16 Business Integration Risks The Company may not be able to effectively integrate additional businesses it acquires in the future. The Company may consider strategic transactions, including acquisitions that will complement, strengthen and enhance growth in its worldwide glass operations. The Company evaluates opportunities on a preliminary basis from time to time, but these transactions may not advance beyond the preliminary stages or be completed. Such acquisitions are subject to various risks and uncertainties, including: The inability to integrate effectively the operations, products, technologies and personnel of the acquired companies (some of which are located in diverse geographic regions) and achieve expected synergies; The potential disruption of existing business and diversion of management s attention from day-to-day operations; The inability to maintain uniform standards, controls, procedures and policies; The need or obligation to divest portions of the acquired companies; The potential impairment of relationships with customers; The potential failure to identify material problems and liabilities during due diligence review of acquisition targets; The potential failure to obtain sufficient indemnification rights to fully offset possible liabilities associated with acquired businesses; and The challenges associated with operating in new geographic regions. In addition, the Company cannot make assurances that the integration and consolidation of newly acquired businesses will achieve any anticipated cost savings and operating synergies. Customer Consolidation The continuing consolidation of the Company s customer base may intensify pricing pressures and have a material adverse effect on operations. Many of the Company s largest customers have acquired companies with similar or complementary product lines. This consolidation has increased the concentration of the Company s business with its largest customers, the loss of which could have a material adverse effect on operations. In many cases, such consolidation has been accompanied by pressure from customers for lower prices, reflecting the increase in the total volume of products purchased or the elimination of a price differential between the acquiring customer and the company acquired. Increased pricing pressures from the Company s customers may have a material adverse effect on operations. Seasonality Profitability could be affected by varied seasonal demands. Due principally to the seasonal nature of the consumption of beer and other beverages, for which demand is stronger during the summer months, sales of the Company s products have varied and are expected to vary by quarter. Shipments in the U.S. and Europe are typically greater in the second and third quarters of the year, while shipments in the Asia Pacific region are typically greater in the first and fourth quarters of the year, and shipments in South America are typically greater in the third and fourth quarters of the year. Unseasonably cool weather during peak demand periods can reduce demand for certain beverages packaged in the Company s containers. 12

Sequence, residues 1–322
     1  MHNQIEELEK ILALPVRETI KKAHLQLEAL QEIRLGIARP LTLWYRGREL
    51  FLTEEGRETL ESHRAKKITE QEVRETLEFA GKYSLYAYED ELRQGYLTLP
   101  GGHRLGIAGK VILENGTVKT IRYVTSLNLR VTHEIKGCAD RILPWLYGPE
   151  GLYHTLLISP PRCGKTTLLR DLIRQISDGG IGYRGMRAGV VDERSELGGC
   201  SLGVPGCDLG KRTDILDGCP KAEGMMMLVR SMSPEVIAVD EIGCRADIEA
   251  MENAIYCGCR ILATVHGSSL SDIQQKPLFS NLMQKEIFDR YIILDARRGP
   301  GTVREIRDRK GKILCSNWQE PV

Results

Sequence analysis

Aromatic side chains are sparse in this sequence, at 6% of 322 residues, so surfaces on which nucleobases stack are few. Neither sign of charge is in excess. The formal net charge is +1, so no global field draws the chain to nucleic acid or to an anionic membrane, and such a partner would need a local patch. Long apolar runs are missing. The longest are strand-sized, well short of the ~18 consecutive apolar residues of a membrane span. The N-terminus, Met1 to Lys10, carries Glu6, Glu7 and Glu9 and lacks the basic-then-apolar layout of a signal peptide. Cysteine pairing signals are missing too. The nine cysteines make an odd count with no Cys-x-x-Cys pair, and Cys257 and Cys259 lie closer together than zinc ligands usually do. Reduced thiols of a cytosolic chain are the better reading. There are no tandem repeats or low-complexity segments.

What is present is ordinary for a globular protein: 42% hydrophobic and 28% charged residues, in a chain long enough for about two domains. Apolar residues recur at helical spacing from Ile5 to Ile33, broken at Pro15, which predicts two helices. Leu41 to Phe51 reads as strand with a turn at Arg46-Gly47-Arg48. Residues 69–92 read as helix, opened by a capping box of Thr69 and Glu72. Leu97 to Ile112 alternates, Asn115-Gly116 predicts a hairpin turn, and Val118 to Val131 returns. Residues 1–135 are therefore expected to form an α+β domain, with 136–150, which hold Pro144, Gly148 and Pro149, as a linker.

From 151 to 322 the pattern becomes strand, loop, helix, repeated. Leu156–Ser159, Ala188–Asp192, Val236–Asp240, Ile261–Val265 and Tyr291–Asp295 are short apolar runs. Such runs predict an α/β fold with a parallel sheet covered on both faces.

17 Raw Materials Profitability could be affected by the availability of raw materials. The raw materials that the Company uses have historically been available in adequate supply from multiple sources. For certain raw materials, however, there may be temporary shortages due to weather or other factors, including disruptions in supply caused by raw material transportation or production delays. These shortages, as well as material volatility in the cost of any of the principal raw materials that the Company uses, may have a material adverse effect on operations. Environmental Risks The Company is subject to various environmental legal requirements and may be subject to new legal requirements in the future. These requirements may have a material adverse effect on operations. The Company s operations and properties are subject to extensive laws, ordinances, regulations and other legal requirements relating to environmental protection, including legal requirements governing investigation and clean-up of contaminated properties as well as water discharges, air emissions, waste management and workplace health and safety. Such legal requirements frequently change and vary among jurisdictions. The Company s operations and properties must comply with these legal requirements. These requirements may have a material adverse effect on operations. The Company has incurred, and expects to incur, costs for its operations to comply with environmental legal requirements, and these costs could increase in the future. Many environmental legal requirements provide for substantial fines, orders (including orders to cease operations), and criminal sanctions for violations. These legal requirements may apply to conditions at properties that the Company presently or formerly owned or operated, as well as at other properties for which the Company may be responsible, including those at which wastes attributable to the Company were disposed. A significant order or judgment against the Company, the loss of a significant permit or license or the imposition of a significant fine may have a material adverse effect on operations. A number of governmental authorities have enacted, or are considering enacting, legal requirements that would mandate certain rates of recycling, the use of recycled materials and/or limitations on certain kinds of packaging materials. In addition, some companies with packaging needs have responded to such developments and/or perceived environmental concerns of consumers by using containers made in whole or in part of recycled materials. Such developments may reduce the demand for some of the Company s products and/or increase the Company s costs, which may have a material adverse effect on operations. Taxes Potential tax law changes could adversely affect net income and cash flow. The Company is subject to income tax in the numerous jurisdictions in which it operates. Increases in income tax rates or other tax law changes could reduce the Company s net income and cash flow from affected jurisdictions. In particular, potential tax law changes in the U.S. regarding the treatment of the Company s unrepatriated non-u.s. earnings could have a material adverse effect on net income and cash flow. In addition, the Company s products are subject to import and excise duties and/or sales or value-added taxes in many jurisdictions in which it operates. Increases in these indirect taxes could affect the affordability of the Company s products and, therefore, reduce demand. Labor Relations Some of the Company s employees are unionized or represented by workers councils. The Company is party to a number of collective bargaining agreements with labor unions which at December 31, 2013, covered approximately 79% of the Company s employees in North America. Approximately 60% of employees in South America are unionized, although according to the labor legislation of each country, 100% of employees are covered by collective bargaining agreements. The agreement covering substantially all of the Company s union-affiliated employees in its U.S. glass container operations expires on March 31, The majority of the hourly workers in Australia and 13